Public Citizen’s benzocaine lawsuit says regulators have known as far back as 1991 that benzocaine is linked to methemoglobinemia. But no warnings were issued to the public for more than 25 years.
In 1991, the FDA classified benzocaine as an over-the-county analgesic and anesthetic. At that time, the advisory review panel involved in the classification recognized that benzocaine could be linked to methemoglobinemia, according to Public Citizen. The panel also knew that infants are more susceptible to the condition.
The FDA has also said since 1991 that benzocaine medications are not necessary or useful to relieve teething pain. That’s because they tend to wash off the baby’s gums within minutes.
Between 2003 and 2014, the FDA issued several safety announcements regarding benzocaine’s risk of methemoglobinemia. In 2014, the agency told manufacturers of over-the-counter oral health products it wouldn’t object if they added a warning about the blood condition to their product labels. The FDA did not require the warning until 2018.
The FDA ultimately responded to Public Citizen’s lawsuit and petition in a letter on May 24, 2018.
“We have carefully considered your requests and share your concerns regarding the risk to public health posed by over-the-counter (OTC) oral health care drug products containing benzocaine,” said the letter from Janet Woodcock, director of the Center for Drug Evaluation and Research.
“In particular, we agree that any potential benefits of using OTC oral health care drug products containing benzocaine to treat sore gums in infants and children due to teething do not outweigh the risks of methemoglobinemia associated with these products. We also agree that there are methemoglobinemia risks for adults and children 2 years and older when using OTC oral health care drug products containing benzocaine.”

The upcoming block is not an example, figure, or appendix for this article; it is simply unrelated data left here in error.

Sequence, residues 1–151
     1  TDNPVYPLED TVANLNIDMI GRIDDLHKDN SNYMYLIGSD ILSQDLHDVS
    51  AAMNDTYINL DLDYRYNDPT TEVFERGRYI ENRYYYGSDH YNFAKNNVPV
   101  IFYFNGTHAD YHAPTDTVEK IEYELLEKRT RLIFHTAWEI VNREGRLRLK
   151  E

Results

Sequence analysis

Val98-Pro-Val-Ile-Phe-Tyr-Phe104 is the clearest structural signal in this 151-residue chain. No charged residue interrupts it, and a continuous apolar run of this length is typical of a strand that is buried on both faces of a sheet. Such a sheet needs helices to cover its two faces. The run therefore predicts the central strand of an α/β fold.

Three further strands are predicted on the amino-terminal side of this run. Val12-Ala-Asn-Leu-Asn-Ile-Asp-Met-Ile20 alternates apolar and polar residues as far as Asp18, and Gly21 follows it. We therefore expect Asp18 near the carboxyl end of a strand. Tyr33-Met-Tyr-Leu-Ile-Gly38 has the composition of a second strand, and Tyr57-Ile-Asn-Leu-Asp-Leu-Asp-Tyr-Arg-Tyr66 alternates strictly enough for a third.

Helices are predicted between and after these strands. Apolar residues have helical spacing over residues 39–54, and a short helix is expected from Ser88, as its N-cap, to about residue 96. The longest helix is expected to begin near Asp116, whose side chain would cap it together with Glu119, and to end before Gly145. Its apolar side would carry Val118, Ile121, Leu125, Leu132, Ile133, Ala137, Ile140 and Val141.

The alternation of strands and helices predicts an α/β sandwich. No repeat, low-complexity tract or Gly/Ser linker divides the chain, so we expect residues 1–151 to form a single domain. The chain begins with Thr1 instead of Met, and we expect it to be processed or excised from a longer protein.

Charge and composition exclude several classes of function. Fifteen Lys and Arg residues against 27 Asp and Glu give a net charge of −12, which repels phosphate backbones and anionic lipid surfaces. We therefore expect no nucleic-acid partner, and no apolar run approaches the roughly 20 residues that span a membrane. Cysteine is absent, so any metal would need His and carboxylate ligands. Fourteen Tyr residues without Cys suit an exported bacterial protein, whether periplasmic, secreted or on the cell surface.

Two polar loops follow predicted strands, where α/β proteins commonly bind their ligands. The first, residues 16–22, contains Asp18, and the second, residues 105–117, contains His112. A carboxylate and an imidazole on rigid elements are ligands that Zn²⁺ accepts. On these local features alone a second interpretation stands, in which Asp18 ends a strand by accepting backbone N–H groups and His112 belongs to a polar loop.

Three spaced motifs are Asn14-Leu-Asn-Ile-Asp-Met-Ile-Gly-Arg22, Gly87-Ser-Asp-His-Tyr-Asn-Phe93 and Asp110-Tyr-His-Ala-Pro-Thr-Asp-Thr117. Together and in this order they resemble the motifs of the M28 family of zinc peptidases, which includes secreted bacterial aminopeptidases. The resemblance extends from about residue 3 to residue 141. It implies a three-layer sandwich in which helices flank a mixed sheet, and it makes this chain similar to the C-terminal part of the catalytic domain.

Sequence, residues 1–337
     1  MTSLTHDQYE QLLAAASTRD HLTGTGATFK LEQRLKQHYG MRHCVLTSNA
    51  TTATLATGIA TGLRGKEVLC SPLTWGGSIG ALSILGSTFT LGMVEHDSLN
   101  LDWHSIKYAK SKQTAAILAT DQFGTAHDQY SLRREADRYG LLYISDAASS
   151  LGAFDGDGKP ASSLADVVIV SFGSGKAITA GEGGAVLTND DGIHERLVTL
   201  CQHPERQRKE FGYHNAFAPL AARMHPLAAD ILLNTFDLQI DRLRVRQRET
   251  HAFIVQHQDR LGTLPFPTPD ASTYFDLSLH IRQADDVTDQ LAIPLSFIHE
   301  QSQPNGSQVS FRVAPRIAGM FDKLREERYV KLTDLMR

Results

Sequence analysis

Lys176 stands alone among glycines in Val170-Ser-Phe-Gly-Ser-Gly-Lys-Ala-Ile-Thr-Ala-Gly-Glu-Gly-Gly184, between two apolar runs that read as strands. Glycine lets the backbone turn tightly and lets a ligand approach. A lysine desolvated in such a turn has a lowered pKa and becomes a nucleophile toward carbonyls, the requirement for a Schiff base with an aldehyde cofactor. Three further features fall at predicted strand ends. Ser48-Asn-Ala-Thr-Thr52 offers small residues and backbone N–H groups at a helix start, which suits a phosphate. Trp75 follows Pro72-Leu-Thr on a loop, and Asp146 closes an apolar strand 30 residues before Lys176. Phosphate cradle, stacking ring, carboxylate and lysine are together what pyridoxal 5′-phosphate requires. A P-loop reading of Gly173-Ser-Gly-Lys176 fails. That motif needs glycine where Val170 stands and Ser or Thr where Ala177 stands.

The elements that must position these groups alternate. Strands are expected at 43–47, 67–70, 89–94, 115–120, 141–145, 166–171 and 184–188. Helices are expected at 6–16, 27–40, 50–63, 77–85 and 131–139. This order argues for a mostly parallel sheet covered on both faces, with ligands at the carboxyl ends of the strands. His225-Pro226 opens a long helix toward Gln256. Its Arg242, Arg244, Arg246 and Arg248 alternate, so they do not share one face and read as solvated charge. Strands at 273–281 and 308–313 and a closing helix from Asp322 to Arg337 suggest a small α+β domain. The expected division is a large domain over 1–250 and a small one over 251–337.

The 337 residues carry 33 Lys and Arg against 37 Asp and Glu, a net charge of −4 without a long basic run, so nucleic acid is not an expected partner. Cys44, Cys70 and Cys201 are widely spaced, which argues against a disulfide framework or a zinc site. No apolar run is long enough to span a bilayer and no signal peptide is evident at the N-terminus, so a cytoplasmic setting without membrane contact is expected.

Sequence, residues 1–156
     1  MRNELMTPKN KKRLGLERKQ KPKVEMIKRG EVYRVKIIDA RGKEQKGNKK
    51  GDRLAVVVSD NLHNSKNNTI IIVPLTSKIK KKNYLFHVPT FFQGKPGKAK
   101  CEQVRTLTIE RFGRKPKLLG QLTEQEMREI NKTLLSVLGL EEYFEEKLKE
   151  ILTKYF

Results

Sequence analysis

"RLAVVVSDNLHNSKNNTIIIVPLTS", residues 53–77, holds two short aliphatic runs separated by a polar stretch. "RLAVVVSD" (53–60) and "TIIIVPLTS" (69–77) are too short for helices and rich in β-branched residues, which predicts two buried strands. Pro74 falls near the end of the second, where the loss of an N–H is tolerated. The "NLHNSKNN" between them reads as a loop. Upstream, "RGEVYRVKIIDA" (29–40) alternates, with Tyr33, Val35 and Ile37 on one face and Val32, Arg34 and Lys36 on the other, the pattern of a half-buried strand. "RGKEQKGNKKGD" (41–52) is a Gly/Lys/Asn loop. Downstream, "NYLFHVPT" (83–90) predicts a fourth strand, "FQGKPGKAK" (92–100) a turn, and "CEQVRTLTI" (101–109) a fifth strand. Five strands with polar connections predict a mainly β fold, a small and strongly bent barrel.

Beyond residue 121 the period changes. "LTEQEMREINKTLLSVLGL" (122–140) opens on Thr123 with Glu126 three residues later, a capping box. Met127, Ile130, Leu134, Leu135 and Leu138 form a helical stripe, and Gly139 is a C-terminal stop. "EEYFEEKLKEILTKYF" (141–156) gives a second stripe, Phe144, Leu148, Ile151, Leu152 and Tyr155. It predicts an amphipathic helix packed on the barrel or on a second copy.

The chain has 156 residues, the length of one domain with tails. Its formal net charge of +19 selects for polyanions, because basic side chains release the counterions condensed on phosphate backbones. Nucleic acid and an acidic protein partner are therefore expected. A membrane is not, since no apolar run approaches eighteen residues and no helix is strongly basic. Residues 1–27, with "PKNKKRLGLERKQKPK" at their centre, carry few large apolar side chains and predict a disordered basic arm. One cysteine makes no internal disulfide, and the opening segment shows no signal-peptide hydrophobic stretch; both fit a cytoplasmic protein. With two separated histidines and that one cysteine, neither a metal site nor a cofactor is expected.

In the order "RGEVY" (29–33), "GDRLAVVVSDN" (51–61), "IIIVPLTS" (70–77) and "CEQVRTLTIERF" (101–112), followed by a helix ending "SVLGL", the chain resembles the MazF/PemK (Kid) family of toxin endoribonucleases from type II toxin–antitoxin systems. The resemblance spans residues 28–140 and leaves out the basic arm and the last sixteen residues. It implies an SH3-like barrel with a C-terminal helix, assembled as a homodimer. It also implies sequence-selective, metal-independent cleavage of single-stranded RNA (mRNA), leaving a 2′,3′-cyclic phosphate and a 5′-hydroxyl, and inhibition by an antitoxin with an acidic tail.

The FDA did not require a recall of benzocaine products in May 2018. But the FDA urged manufacturers to stop marketing over-the-counter oral products for teething in infants and children younger than 2.
“If companies do not comply, we will take action to remove these products from the market,” the FDA announcement said.
At least one manufacturer, Church and Dwight Co. Inc., said it would discontinue its teething products. The New Jersey-based company withdrew four Orajel teething brands, including Orajel Medicated Teething Swabs and Baby Orajel.
“We are not discontinuing other Orajel products, which represent the majority of our Orajel offering,” the company said in a statement emailed to CBS News.
There is no known class action lawsuit filed on behalf of people injured by benzocaine. Class action lawsuits involve a large group of people with similar injuries. They typically name one defendant or a small group of defendants.
Many manufacturers make benzocaine products. This may prevent people from being able to file class action lawsuits. Also, certain restrictions make class actions difficult to file.
But if there are many individual benzocaine lawsuits, the courts may assign them to one judge to speed up the process. The judge will rule on pretrial matters and preside over early trials.
In federal court, the term for organizing similar cases is multidistrict litigation. State courts may have different terms, which include mass litigation and complex litigation.
Please seek the advice of a medical professional before making health care decisions.
Calling this number connects you with Wilson and Peterson, LLP or one of its trusted legal partners. A law firm representative will review your case for free.